Interestingly, what seems to have been a bold choice really came about as a matter of coincidence. During the auditions for the character of Walter Burns, Hawks’ (female) secretary read the lines for Hildy and he liked the way they sounded coming from a woman and so he made the decision to rewrite the role to fit a female lead. Sometimes these “outrageous” choices come down to something as simple as that.

hgf5Of course, whatever the inspiration, the outcome can’t be disputed. The result is truly fantastic.

It does make me wonder one thing, however. with same-sex marriage so much in the news recently, has the time come for yet another take on the basic script, but this time perhaps going back to the original pairing of two men in the role, but keeping the romantic angle that His Girl Friday introduces? Is the time right for His Guy Friday? Or perhaps even Her Girl Friday? Of course, there are other complications such a remake would entail, since it couldn’t be set as a period piece, and bringing it up-to-date would necessitate other changes, since the very nature of reporting has changed so much in the ensuing tome. Still, it could be an interesting project, if done correctly.

Anyway, whatever the reasons for the changes at the time, and whatever remakes might be done in the future, His Girl Friday will remain a prime example of the screwball comedy, and will always retain its place in my own personal top 10.

So what are your thoughts on His Girl Friday? Is it a movie that you’ve seen or would like to? If you have seen it, is it one that would make your own Top 10 list? Or would it not even crack your Top 250? Also, I’m curious about what you think about my argument that some movies simply have to be seen on the big screen before one can even really judge them. And if you agree with it, what films you would put into that category. Let me know in the comments below.

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The X-Men Want To Pass On This Future – Here’s A Brand New Trailer For X-Men: Days Of Future Past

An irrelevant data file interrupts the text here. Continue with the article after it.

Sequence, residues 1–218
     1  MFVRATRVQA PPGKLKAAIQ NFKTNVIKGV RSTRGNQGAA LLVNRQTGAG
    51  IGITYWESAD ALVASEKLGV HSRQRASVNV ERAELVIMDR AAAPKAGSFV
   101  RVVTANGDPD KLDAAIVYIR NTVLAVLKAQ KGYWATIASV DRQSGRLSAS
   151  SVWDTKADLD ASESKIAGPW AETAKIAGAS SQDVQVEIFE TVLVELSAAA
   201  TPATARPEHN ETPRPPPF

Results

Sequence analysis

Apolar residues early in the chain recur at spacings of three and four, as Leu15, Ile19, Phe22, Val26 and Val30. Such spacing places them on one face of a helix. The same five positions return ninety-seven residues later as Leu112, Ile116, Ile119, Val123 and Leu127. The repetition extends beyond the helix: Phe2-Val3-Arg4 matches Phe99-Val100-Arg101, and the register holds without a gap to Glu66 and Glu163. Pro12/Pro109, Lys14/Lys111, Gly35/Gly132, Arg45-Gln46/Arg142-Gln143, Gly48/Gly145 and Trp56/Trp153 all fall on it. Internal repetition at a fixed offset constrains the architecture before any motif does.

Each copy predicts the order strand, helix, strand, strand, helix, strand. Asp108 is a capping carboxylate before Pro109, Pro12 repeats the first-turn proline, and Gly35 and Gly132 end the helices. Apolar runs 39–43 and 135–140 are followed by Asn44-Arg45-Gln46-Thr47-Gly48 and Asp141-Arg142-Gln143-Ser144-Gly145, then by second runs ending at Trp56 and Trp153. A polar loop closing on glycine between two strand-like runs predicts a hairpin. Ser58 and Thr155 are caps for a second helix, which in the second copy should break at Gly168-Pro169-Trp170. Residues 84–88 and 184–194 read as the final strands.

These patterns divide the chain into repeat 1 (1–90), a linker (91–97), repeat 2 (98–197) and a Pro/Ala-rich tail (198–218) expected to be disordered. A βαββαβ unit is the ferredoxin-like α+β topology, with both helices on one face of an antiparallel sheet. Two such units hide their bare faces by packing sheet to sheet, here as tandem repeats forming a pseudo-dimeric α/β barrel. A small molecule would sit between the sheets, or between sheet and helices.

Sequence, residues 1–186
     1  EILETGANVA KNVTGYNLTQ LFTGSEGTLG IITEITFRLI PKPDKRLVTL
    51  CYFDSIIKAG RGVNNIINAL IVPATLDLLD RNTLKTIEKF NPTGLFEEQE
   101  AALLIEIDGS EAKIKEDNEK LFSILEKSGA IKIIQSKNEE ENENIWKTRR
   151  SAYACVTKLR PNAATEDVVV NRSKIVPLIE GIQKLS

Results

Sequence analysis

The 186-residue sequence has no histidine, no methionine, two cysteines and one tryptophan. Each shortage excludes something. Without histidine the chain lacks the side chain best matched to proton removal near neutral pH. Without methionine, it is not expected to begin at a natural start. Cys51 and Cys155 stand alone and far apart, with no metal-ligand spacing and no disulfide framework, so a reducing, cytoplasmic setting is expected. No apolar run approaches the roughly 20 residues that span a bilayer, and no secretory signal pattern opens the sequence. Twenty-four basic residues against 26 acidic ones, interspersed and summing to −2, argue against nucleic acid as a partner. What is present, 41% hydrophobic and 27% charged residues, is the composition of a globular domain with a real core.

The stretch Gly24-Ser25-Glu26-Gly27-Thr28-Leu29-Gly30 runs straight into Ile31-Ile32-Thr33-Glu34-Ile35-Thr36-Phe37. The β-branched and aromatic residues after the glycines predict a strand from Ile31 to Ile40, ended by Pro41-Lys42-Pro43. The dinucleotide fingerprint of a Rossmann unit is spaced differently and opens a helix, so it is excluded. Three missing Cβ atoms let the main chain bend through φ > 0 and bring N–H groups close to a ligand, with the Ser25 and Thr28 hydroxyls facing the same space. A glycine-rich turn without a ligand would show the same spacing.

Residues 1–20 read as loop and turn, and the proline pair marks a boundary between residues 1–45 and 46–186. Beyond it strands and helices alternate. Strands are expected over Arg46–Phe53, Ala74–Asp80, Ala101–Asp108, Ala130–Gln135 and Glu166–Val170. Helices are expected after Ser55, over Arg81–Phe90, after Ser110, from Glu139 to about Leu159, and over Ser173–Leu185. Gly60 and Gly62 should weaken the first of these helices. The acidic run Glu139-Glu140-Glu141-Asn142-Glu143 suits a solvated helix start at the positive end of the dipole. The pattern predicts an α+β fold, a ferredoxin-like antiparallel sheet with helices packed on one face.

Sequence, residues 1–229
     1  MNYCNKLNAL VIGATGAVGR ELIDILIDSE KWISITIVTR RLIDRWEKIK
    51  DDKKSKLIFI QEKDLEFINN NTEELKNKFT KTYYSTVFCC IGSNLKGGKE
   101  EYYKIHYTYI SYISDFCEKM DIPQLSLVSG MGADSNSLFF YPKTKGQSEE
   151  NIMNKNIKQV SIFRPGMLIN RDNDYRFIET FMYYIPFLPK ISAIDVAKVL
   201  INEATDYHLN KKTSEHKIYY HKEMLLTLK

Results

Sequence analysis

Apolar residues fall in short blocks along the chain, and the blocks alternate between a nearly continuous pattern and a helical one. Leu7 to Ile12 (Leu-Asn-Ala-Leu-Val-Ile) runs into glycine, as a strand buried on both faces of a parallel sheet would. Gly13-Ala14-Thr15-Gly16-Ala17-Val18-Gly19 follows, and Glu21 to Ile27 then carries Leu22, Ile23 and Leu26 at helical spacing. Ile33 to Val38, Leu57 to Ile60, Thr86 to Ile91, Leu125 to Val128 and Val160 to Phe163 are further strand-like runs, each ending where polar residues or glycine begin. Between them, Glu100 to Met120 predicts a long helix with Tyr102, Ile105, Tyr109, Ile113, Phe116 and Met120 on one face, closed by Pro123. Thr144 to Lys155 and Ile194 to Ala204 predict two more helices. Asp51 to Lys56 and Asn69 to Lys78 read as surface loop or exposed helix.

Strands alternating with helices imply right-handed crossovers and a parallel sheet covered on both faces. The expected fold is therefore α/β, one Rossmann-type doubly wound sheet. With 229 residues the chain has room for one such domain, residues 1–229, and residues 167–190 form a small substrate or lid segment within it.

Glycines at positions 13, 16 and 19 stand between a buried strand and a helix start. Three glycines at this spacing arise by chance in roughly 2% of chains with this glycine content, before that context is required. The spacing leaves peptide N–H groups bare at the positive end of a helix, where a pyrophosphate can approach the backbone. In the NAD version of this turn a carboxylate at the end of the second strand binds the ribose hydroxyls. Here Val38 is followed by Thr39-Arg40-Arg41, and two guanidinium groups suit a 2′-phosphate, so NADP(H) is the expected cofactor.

Perhaps it’s a sign of superher0 overload, or just the sheer number of “blockbusters” slated for this year, but for whatever reason, amidst all the hype for Captain America: The Winter Soldier and The Amazing Spider-Man 2, I keep forgetting that there’s also a new X-Men movie just around the corner. Fortunately, this trailer has just come out to remind us all about what may be the best outing for the mutant heroes yet, X-Men: Days of Future Past:

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It’s Not The Time, It’s What You Do With It – 17 Hours In Bed (2012)

17(A quick aside: I’m going with the full onscreen title here, though I’ve also seen it referred to simply as 17 Hours In.)

Time is often what you make of it. That not only refers to the title of this film, but its length. 17 Hours In Bed is a less than 15 minute short film, but it definitely makes the most of the time that you spend with it. The basic premise is simple: in a wordless opening, we meet Liz, who is receiving word from her doctor that she has been diagnosed with breast cancer. The rest of the film deals with how she comes to terms with that and what she does directly after receiving this news.

What follows could have been played as a weepy tear-jerker, but instead what we actually get is a fun little celebration of life, it’s quirks and coincidences, and making the most of what time you have. Trust me when I say that there’s more than one surprise to be had in this film, and that’s only part of what makes it so incredibly engaging.

The film was written and directed by Ivo Raza and stars Jennifer Dawson as Liz and David Lipper as Kevin. The two leads are both engaging and talented (and, yes, sexy) performers, and it is they, as much as the material, that really show the strength of what can be done with a very short amount of film time. All three of these are names I’ll be on the lookout to see more from.

Fair warning, the film is NSFW, but you shouldn’t let that hamper you from enjoying this very well made piece.

Spend a little time with these people. You’ll definitely be glad that you did.